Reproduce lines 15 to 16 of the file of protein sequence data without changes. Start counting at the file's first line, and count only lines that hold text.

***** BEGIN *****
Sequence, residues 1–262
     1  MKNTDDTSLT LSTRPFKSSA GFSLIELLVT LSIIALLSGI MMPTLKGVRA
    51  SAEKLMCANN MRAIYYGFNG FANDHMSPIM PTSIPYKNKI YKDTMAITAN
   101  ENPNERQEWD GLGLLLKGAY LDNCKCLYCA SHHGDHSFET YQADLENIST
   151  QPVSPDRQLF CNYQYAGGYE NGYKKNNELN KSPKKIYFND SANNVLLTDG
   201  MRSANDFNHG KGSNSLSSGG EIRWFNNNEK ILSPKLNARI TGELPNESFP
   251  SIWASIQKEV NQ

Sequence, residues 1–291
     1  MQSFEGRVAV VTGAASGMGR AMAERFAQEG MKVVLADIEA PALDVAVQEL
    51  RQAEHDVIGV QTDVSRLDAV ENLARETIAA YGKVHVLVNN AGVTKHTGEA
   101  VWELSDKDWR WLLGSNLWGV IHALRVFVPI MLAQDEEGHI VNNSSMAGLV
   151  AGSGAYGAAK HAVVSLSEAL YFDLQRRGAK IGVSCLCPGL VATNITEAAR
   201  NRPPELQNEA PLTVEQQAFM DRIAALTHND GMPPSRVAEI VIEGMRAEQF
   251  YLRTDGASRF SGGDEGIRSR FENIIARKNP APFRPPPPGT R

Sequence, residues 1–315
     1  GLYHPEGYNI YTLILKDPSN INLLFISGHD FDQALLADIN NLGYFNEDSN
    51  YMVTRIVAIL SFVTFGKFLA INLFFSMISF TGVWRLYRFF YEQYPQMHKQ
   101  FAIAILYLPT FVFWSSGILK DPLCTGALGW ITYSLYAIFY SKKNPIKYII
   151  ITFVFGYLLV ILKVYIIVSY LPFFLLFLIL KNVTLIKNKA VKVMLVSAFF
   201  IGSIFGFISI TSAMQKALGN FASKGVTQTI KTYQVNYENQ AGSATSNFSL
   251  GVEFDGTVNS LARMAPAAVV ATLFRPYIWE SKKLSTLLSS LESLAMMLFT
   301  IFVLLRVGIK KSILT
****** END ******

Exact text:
Sequence, residues 1–315
     1  GLYHPEGYNI YTLILKDPSN INLLFISGHD FDQALLADIN NLGYFNEDSN